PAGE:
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The Princess and Curdie George MacDonald

The Mistress of the Silver Moon

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'No, no, Curdie. Keep them, and practice with them every day, and grow a good shot. There are plenty of bad things that want killing, and a day will come when they will prove useful. But I must see first whether you will do as I tell you.'

'That I will!' said Curdie. 'What is it, ma'am?'

'Only something not to do,' answered the old lady; 'if you should hear anyone speak about me, never to laugh or make fun of me.'

'Oh, ma'am!' exclaimed Curdie, shocked that she should think such a request needful.

'Stop, stop,' she went on. 'People hereabout sometimes tell very odd and in fact ridiculous stories of an old woman who watches what is going on, and occasionally interferes. They mean me, though what they say is often great nonsense. Now what I want of you is not to laugh, or side with them in any way; because they will take that to mean that you don't believe there is any such person a bit more than they do. Now that would not be the case - would it, Curdie?'

'No, indeed, ma'am. I've seen you.'

The old woman smiled very oddly.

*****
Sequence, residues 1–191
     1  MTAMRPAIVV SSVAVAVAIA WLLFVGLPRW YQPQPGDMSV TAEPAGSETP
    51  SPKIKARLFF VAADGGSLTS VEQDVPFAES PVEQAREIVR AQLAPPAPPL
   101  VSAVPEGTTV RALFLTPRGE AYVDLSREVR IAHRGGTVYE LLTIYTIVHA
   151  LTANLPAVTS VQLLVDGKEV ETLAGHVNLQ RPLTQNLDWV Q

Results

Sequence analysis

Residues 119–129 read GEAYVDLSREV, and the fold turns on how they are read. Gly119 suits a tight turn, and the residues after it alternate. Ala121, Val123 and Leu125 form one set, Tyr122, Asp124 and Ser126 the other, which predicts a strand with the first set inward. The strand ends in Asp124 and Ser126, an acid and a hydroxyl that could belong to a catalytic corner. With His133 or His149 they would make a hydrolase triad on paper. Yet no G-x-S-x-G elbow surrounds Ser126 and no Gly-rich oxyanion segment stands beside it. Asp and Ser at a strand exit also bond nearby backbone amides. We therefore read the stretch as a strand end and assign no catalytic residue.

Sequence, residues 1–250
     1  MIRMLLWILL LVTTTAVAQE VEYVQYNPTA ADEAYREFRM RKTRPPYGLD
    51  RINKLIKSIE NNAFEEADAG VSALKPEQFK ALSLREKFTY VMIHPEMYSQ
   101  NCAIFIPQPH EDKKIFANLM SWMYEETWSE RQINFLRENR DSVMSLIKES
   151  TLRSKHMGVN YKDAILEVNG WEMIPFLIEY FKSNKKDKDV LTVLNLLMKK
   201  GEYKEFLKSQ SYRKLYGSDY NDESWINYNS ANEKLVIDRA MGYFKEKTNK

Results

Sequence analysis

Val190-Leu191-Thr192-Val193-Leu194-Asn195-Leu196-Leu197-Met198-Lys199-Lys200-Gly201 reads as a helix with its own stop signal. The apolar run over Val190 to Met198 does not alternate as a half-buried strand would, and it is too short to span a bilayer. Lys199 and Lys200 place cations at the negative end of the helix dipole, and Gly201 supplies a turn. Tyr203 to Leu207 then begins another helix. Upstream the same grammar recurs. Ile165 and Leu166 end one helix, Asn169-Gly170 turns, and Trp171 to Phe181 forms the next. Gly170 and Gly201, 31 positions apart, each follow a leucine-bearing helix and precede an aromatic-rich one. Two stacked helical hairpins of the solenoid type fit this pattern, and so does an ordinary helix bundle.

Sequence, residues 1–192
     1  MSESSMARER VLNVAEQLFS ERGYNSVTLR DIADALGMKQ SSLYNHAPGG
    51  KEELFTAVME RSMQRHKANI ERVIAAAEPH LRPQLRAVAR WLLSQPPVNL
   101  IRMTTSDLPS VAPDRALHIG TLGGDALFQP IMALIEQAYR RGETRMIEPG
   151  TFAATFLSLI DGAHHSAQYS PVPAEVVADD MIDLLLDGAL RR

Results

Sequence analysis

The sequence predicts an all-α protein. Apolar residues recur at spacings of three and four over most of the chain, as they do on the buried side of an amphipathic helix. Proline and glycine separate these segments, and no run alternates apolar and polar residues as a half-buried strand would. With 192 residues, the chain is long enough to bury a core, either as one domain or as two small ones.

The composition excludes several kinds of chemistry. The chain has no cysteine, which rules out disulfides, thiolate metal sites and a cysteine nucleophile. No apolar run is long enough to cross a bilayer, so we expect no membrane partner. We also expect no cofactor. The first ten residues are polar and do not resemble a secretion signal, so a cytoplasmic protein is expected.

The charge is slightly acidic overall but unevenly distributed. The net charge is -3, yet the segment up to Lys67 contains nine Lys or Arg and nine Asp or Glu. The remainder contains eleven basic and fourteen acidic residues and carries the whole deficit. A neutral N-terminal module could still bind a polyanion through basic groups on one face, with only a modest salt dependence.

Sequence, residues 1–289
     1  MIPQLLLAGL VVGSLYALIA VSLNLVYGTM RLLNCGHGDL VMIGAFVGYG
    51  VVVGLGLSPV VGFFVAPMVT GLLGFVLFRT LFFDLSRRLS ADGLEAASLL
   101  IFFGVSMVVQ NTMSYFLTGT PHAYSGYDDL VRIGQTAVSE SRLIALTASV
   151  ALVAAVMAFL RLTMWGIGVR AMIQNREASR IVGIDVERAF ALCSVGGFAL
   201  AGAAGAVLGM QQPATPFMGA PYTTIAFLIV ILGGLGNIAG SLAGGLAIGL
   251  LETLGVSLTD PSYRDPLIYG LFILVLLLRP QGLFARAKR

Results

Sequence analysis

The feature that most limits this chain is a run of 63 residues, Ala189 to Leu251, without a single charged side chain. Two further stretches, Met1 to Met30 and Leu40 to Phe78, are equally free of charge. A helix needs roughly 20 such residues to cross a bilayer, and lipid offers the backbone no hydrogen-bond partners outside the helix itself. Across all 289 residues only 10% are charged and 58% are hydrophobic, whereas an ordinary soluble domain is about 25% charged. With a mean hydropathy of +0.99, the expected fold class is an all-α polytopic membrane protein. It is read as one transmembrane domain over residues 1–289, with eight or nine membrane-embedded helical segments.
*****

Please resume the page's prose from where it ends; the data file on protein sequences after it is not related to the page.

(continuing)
'Yes, you've seen me,' she said. 'But mind,' she continued, 'I don't want you to say anything - only to hold your tongue, and not seem to side with them.'

'That will be easy,'said Curdie,'now that I've seen you with my very own eyes, ma'am.'

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'Not so easy as you think, perhaps,' said the old lady, with another curious smile. 'I want to be your friend,' she added after a little pause, 'but I don't quite know yet whether you will let me.' 'Indeed I will, ma'am,' said Curdie.

'That is for me to find out,' she rejoined, with yet another strange smile. 'in the meantime all I can say is, come to me again when you find yourself in any trouble, and I will see what I can do for you - only the canning depends on yourself. I am greatly pleased with you for bringing me my pigeon, doing your best to set right what you had set wrong.'

As she spoke she held out her hand to him, and when he took it she made use of his to help herself up from her stool, and - when or how it came about, Curdie could not tell - the same instant she stood before him a tall, strong woman - plainly very old, but as grand as she was old, and only rather severe-looking. Every trace of the decrepitude and witheredness she showed as she hovered like a film about her wheel, had vanished. Her hair was very white, but it hung about her head in great plenty, and shone like silver in the moonlight. Straight as a pillar she stood before the astonished boy, and the wounded bird had now spread out both its wings across her bosom, like some great mystical ornament of frosted silver.

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The Princess and Curdie
George MacDonald

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